I’ve enjoyed director Andrew Niccol’s past work from the great sci-fi film Gattaca to the lesser regarded, Hollywood satire Simone. Either way I expected something akin to the former with his newest endeavor In Time, and unfortunately got something basic and uninspiring. Everything about this movie is just okay from the performances to the use of the story and that’s what makes things worse because there are glimpses of a wonderful sci-fi thriller. Instead, In Time is better suited for HBO and TNT repeats with nothing new or thrilling to add to the mix.
In Time shows an alternative world where people stop aging at 25 and are given one more year to live. Time becomes the new currency and the only way people stay living is to work hard and collect enough time. The rich live in beautiful homes and have centuries on the clock while the poor in the ghettos die en masse. Will Salas (Justin Timberlake) end up getting over a 100 years worth of time courtesy of a wealthy man who’s sick of living. Unfortunately a Timekeeper (Cillian Murphy) believes Will stole it. As Will is hunted down he kidnaps a beautiful rich girl named Sylvia (Amanda Seyfried) who starts to think Will’s plans to break the system sound like a good idea.
The above synopsis was not easy to write because of how intricate the plot is, or should be. The concept of time being used as a paycheck, to be saved or gambled away, is thrilling and filled with story ideas. The obvious connections to today’s slate of current events including Occupy Wall Street are even more apparent in a hypothetical world where the wealthy live forever in luxury and the poor die in squalor. The film also makes a statement on living vs. existing, albeit it’s only mentioned in spurts, as the wealthy have all the time in the world yet hoard it while the poor move incredibly fast to save time. All of these ideas could have made for a strong, psychological think piece about the nature of time, existence, and wealth. Instead Niccol squanders it on action scenes, beautiful costumes/cars, and pretty actors.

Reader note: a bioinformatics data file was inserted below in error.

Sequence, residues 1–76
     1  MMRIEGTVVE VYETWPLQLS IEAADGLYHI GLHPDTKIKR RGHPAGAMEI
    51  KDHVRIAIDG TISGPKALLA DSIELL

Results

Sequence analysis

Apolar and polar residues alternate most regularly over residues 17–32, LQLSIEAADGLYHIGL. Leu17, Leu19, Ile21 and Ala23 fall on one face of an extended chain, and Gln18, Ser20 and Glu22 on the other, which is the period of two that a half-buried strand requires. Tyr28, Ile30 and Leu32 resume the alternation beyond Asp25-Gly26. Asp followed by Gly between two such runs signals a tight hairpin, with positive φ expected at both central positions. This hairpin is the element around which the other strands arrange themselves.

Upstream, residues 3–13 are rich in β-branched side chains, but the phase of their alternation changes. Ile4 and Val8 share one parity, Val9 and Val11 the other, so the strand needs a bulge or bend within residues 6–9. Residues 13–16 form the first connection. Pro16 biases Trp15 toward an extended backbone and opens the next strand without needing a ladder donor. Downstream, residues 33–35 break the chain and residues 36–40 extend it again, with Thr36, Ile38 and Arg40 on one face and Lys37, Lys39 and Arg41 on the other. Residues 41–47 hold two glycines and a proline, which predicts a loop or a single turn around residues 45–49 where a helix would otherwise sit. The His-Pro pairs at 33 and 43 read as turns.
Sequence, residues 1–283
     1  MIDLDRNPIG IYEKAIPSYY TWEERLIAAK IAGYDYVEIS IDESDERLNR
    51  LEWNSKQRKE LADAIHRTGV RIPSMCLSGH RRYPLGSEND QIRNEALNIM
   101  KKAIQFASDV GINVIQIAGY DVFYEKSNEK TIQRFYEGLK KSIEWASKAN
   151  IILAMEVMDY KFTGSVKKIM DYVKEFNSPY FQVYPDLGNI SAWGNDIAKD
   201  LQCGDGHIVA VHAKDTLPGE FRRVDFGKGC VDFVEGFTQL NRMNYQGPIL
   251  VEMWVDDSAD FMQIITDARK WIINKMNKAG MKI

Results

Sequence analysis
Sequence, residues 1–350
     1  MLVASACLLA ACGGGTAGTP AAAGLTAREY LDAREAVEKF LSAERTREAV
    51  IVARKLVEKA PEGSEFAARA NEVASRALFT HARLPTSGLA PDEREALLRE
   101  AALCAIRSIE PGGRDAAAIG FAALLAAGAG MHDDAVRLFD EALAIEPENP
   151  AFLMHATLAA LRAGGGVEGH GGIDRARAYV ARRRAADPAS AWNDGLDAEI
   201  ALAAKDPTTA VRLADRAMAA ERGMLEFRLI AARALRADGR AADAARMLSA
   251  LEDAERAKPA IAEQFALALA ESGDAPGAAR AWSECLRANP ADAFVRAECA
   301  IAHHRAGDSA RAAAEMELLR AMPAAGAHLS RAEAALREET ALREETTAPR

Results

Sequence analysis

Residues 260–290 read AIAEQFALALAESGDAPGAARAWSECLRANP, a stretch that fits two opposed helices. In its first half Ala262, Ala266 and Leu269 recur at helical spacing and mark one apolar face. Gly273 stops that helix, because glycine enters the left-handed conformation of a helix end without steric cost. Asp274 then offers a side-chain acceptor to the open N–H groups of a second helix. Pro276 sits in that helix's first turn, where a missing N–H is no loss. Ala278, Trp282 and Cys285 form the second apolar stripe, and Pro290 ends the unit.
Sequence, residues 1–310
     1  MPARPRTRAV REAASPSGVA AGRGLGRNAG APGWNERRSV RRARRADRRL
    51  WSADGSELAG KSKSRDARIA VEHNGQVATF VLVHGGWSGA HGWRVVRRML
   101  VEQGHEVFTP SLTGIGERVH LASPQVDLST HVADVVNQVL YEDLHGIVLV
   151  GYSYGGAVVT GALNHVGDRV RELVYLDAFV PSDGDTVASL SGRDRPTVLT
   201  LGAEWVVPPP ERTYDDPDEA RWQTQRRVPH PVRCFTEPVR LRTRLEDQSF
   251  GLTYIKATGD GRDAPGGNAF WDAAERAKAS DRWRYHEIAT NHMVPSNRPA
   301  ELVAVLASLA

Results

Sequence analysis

In Time is Timberlake’s breakout role and he does well given the material. This isn’t Oscar fare and Timberlake doesn’t play Will like a Shakespearean actor. He plays the character for which he is, a downtrodden man who’s sick of having looking at the clock and not having enough hours in the day. Will has dreams of taking his mother (Olivia Wilde) to New Greenwich to live a comfortable life, yet the way the society work prevents the poor from ever obtaining that goal.
Aside from Timberlake the rest of the actors are just generic from Wilde and Vincent Karthreiser as parents to Timberlake and Seyfried’s characters respectively, to the “evil” gangster Fortis played by a moustache twirling (not literally) Alex Pettyfer. The weakest link is Seyfried who plays the character as a poor little rich girl turned on by chaos and crime. It’s bad enough the Bonnie and Clyde storyline between Will and Sylvia never works, but you never care about Sylvia. At first she wants to go home, and then she changes her mind. You never feel she does it to break the system or because she feels bad for the poor, she’s doing it to stay next to Timberlake. The majority of their scenes involve them looking at each other or rolling in bed making it painfully obvious there’s no interest in helping others. Murphy is also squandered as the monotone Timekeeper trying to stop everyone. The ending is also trite, predictable and confusing. The film ends not solving anything…only saying that eventually it will get solved. I’m all for ambiguous endings but this was a cop-out because the script didn’t seem to have an exit strategy, it could also be argued its left open to again play towards the current political controversy.
In Time isn’t bad, it’s just boring. The story is trite and cliché, the acting isn’t anything special, and the important ideas and metaphors are thrown away with one-liners in favor of guns and fast cars. There’s a good movie here but apparently no one was interested in it. It’s a rental for fans of the actors and nothing more.